Three leading litigation funders are in the final stages of drafting new rules governing third-party funding in the U.K.
Their draft code, which was discussed at a summit held by the Civil Justice Council (CJC) earlier this month, includes provisions to stipulate the level of control or influence a funder can exercise over a client, as well as covering issues such as minimum terms of contract, complaints handling, marketing and sanctions.
It is understood that the majority of stakeholders are in favor of developing mandatory self-regulation that would see funders expected to sign up to the code.
Although no decision about who would formally draft the code has been made yet, it is thought that either the CJC itself will take up the responsibility, or an association of funders.
As an incentive to get funders to sign up, those bound by the code may be able to avoid handing over money when an order is made for security of costs and could instead use either deeds or insurance.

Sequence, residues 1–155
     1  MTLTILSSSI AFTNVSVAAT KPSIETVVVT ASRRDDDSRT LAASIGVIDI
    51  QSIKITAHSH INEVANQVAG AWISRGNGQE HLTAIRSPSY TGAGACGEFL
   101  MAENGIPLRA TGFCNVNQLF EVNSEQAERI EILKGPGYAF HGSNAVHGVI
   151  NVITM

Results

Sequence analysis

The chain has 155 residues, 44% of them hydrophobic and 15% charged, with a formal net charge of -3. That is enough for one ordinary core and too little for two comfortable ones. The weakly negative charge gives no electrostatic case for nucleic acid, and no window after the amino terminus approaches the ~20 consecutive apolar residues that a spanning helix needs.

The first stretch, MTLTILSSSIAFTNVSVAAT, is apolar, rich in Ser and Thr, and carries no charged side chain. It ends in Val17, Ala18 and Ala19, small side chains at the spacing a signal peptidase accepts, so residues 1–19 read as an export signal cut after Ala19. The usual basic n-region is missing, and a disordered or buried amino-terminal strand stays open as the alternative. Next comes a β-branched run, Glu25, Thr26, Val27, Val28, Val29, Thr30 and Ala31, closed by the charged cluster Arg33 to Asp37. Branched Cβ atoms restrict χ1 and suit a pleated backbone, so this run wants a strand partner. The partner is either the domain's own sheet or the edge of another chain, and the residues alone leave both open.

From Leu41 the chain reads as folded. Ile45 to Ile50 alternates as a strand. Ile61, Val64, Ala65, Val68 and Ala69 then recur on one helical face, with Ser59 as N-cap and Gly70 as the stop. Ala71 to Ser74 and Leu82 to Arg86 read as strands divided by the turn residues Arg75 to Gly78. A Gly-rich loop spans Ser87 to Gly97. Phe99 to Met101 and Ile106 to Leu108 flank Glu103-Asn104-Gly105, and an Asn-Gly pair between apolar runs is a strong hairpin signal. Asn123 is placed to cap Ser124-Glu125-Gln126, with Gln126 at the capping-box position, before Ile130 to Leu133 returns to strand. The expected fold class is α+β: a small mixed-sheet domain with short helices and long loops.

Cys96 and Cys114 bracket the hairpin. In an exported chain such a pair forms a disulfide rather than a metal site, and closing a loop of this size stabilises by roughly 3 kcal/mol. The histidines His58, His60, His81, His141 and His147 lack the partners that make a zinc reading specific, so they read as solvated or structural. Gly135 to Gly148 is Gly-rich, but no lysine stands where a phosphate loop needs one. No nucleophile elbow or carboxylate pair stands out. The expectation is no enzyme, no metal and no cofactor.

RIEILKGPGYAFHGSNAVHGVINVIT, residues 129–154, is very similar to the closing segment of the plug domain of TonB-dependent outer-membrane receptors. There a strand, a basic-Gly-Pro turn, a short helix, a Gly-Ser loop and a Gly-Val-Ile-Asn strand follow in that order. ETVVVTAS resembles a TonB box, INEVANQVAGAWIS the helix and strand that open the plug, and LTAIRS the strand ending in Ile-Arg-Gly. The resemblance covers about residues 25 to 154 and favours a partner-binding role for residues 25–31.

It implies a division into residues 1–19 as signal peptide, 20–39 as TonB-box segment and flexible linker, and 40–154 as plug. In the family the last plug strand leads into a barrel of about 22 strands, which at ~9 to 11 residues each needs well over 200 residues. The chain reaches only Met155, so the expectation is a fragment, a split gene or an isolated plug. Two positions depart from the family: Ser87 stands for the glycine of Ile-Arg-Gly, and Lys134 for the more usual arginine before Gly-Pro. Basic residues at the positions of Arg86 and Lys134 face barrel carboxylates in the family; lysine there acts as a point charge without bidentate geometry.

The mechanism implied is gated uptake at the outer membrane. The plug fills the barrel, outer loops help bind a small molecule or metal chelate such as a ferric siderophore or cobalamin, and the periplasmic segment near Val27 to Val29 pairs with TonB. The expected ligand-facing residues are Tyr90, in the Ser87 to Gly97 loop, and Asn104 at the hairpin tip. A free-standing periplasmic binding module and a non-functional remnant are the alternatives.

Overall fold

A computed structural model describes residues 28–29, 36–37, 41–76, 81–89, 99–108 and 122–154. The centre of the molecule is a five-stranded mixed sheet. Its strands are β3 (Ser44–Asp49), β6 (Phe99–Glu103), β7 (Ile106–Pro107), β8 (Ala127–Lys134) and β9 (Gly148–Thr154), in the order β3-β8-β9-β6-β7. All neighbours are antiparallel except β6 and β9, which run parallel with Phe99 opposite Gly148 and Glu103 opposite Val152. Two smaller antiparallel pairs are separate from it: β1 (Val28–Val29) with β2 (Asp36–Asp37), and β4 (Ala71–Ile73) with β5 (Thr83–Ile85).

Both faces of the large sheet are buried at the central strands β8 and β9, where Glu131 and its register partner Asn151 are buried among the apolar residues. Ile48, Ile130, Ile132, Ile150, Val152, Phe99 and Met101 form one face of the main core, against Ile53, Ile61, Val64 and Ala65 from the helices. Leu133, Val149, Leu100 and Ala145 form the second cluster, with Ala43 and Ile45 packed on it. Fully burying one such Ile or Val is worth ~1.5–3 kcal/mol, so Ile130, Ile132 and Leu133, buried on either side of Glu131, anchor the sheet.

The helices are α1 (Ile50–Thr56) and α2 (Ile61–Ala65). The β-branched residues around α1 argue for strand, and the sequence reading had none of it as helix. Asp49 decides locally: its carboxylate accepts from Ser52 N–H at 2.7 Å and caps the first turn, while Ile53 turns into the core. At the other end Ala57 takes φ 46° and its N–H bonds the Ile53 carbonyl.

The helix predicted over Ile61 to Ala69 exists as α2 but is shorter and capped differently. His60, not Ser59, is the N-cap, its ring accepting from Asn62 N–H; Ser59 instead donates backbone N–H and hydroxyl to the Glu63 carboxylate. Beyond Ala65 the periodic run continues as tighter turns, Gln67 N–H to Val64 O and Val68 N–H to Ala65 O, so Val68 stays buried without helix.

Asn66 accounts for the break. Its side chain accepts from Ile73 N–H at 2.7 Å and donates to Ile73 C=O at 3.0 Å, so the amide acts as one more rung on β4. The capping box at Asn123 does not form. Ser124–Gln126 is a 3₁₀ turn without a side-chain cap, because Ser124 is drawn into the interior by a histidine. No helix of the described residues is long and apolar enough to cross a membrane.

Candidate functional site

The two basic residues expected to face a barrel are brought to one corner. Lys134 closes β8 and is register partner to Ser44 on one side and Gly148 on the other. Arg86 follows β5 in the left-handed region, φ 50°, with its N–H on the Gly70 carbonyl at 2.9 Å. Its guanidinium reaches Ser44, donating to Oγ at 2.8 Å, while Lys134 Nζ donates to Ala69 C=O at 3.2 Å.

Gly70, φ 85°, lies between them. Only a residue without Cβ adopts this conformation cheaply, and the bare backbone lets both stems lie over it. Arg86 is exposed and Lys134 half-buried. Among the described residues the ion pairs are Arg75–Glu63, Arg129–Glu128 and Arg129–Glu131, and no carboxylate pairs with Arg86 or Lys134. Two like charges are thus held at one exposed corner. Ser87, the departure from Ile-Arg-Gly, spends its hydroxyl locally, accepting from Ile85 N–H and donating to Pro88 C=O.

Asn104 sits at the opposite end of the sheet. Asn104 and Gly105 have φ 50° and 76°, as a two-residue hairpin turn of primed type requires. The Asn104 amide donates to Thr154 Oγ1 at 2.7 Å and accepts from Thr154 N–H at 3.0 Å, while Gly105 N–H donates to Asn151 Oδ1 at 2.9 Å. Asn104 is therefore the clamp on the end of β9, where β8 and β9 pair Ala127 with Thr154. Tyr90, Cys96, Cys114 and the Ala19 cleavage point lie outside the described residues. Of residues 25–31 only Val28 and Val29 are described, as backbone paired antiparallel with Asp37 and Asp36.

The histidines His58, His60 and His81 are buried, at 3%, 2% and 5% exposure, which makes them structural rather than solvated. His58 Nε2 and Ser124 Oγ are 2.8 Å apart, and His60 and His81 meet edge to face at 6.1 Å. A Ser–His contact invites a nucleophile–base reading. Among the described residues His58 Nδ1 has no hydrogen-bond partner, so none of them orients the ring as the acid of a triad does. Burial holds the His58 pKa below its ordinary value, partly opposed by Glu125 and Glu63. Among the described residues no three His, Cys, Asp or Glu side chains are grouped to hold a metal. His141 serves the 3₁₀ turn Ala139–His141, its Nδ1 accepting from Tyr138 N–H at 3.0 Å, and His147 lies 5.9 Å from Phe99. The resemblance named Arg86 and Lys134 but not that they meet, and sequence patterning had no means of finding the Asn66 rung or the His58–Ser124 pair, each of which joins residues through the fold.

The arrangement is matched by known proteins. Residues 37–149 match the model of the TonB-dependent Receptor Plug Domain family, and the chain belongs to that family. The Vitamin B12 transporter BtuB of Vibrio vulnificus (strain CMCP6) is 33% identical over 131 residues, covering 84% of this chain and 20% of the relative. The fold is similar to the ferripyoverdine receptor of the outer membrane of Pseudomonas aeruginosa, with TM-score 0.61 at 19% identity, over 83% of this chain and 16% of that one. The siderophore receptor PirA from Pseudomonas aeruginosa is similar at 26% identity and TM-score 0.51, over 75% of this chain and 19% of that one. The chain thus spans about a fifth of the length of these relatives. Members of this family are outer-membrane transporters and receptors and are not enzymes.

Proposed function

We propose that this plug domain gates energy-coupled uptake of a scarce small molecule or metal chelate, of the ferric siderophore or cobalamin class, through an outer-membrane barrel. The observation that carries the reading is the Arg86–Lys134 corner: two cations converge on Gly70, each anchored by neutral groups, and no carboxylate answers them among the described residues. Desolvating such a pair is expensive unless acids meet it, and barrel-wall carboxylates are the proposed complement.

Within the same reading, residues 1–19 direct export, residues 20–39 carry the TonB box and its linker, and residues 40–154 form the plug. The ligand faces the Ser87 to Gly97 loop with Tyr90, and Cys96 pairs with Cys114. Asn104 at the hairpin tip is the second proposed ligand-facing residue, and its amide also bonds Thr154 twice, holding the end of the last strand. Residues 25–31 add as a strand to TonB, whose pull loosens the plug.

The Solicitors Regulation Authority is also considering introducing a rule to prevent solicitors from dealing with funders not signed up to the new code.
Dunn, Stuerwald and Attrill are now amending the draft and will put it to an executive group later this year.
CJC Chief Executive Robert Musgrove commented: "There are clear incentives for a code to be put in place quickly as it will bring about stability in the market."
External funding for litigation has become increasingly popular in recent months with many of the U.K.'s top firms launching initiatives. Although this funding method has been traditionally popular on the claimant's side, a handful of major companies are now trying to defend high-stakes litigation with third-party funding.
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